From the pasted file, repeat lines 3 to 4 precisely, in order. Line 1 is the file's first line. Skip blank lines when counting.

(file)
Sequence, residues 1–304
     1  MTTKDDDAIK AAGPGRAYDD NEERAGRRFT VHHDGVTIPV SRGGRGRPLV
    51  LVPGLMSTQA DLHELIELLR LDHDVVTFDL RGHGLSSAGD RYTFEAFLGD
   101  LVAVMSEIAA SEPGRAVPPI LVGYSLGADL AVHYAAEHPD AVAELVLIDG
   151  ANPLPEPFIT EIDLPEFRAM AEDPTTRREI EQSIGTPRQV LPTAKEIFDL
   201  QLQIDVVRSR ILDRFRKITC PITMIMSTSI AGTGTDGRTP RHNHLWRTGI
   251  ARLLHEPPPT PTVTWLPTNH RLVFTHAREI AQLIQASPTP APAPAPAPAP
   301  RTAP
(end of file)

    51  LVPGLMSTQA DLHELIELLR LDHDVVTFDL RGHGLSSAGD RYTFEAFLGD
   101  LVAVMSEIAA SEPGRAVPPI LVGYSLGADL AVHYAAEHPD AVAELVLIDG